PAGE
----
What happens when such technologies are increasingly used by “nations not favourably disposed to liberal democracy”, who begin to “meddle in the process of democracy at scale in multiple countries”?
The convergence of these trends points to the risk of major wild cards. Leggett homed in on the following hypothetical wild card as an example of what this scenario could hold for humanity:
“Then one day, there’s a terrible incident. A dozen attacks around the world by swarms of little robots, about the size of your hand, that are drones — these little monsters are in a different league — they attack the defenders of democracy — politicians, students, activists, in 12 incidents around the world. Lethal attacks. They are using deadly venom, toxins, and explosive devices. The death toll is measured in the hundreds.”
These are multiple terrorist attacks in key democratic countries, horrifying everybody: “Time goes by, days turn into weeks, weeks to months. And police and security services are not finding who actually did this. Fingers are pointing everywhere — religious terrorists, political terrorists, rogue states, rogue elements within democracies.”
And the problem, Leggett said, is that in this future “millions of these devices are routinely being sold. And you don’t have to be a rocket science engineer to make them lethal.”
The proliferation elicits a major crackdown from governments — “after this, surveillance goes through the roof. Many democracies still hold an election, but they are in name only. Populations are living under the same conditions as autocratic countries. And then — protest about all this is really muted. Known activists are particularly muted,” because they are worried about being targeted in a similar way.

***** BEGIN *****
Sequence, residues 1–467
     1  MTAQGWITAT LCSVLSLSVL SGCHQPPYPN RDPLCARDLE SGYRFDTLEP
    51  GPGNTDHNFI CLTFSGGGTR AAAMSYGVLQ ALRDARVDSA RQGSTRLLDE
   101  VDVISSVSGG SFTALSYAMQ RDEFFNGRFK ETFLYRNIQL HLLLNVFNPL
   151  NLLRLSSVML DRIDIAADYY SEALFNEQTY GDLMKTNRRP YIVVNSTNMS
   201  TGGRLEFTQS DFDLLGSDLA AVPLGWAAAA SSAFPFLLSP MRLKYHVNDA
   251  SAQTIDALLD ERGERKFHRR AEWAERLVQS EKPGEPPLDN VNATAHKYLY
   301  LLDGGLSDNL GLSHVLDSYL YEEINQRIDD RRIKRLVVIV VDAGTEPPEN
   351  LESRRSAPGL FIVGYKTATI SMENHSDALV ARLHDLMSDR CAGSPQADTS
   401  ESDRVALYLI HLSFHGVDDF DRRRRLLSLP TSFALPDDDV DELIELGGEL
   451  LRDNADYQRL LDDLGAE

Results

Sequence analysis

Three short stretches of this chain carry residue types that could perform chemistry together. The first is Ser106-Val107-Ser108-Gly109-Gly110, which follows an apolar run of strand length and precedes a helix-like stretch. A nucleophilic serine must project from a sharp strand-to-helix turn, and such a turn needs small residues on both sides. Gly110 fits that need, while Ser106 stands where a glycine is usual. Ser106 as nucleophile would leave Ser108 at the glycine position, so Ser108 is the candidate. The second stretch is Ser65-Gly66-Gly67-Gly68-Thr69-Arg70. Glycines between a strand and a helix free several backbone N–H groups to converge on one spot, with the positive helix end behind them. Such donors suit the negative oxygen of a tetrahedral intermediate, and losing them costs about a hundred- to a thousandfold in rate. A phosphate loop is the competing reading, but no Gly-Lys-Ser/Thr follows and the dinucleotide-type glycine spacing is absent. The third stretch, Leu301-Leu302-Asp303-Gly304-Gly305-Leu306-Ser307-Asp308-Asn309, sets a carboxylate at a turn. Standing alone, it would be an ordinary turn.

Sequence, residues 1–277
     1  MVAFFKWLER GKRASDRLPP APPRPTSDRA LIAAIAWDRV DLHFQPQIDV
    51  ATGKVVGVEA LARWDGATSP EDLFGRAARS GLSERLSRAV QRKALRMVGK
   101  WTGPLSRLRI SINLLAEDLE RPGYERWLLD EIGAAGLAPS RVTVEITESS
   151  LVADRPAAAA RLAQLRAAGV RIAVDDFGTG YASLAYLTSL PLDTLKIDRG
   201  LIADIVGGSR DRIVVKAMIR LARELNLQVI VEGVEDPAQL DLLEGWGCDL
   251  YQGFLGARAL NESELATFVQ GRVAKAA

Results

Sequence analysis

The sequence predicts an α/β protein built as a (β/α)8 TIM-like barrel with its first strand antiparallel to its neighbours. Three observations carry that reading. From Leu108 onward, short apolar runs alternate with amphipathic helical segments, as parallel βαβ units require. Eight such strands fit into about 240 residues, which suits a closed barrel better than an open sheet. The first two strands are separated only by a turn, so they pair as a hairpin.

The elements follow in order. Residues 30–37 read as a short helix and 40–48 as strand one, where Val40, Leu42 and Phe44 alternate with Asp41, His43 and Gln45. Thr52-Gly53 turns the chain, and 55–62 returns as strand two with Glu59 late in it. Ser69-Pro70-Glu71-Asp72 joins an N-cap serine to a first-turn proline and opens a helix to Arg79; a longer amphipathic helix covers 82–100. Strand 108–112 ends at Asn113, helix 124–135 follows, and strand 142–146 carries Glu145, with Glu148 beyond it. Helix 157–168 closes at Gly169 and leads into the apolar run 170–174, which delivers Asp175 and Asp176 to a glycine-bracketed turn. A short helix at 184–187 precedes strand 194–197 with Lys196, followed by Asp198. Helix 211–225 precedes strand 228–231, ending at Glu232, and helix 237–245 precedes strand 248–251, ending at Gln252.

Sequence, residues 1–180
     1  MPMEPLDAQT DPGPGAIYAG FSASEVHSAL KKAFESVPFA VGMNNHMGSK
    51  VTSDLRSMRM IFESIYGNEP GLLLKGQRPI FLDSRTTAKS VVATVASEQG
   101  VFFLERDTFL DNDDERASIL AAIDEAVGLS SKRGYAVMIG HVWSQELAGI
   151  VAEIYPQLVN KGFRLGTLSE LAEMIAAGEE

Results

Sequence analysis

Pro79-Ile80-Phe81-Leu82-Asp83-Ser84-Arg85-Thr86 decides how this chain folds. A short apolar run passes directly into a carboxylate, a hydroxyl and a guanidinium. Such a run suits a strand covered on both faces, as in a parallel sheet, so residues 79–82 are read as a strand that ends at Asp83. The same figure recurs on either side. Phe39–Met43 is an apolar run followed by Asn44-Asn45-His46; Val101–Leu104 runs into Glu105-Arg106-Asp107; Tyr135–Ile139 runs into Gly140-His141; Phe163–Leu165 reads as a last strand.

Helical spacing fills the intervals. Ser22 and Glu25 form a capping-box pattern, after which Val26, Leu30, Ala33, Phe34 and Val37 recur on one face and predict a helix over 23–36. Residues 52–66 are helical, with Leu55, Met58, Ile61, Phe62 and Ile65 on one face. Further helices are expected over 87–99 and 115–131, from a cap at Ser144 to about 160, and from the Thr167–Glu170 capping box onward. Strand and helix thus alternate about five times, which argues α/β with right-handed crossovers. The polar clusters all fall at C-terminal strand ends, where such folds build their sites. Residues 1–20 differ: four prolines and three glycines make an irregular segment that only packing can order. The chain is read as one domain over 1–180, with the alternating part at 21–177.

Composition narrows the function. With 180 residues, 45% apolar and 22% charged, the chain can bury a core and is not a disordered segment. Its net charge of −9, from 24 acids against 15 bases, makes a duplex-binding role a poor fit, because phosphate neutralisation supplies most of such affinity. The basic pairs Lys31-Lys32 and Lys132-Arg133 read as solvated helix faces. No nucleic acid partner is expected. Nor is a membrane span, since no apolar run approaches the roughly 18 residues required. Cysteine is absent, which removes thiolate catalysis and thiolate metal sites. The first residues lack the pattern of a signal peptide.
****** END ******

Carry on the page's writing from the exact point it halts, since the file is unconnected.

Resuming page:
“Surviving democracies slide one by one into police states. Some keep a sham of democracy but barely bother to suppress the fact that elections are dysfunctional or rigged. Others become straight fascist states — people who are elected — fascists get elected. And they make sure there are no more elections.
This ends in a dystopian world where the psychopaths have floated to the top. The world is a dysfunctional stage in which psychopaths and their monstrous egos, bump off each other, flirting with military disasters on a weekly basis; meanwhile, all the other problems continue — the world slides into a toxified, very insecure and fragile state, hovering on the edge of apocalyptic war between police states.
Let’s call this descent — into a form of hell on earth.”
Making sense of our possible futures
Leggett’s exploration of these two stories — one beautiful, hopeful and inspiring, the other ugly, frightening and repulsive — demonstrates clearly what is at stake for humanity. In practice, he explained to his audience, it is unlikely that we will exclusively follow one or the other of these paths in a simplistic either/or fashion. We are already seeing elements of both take shape before our eyes right now.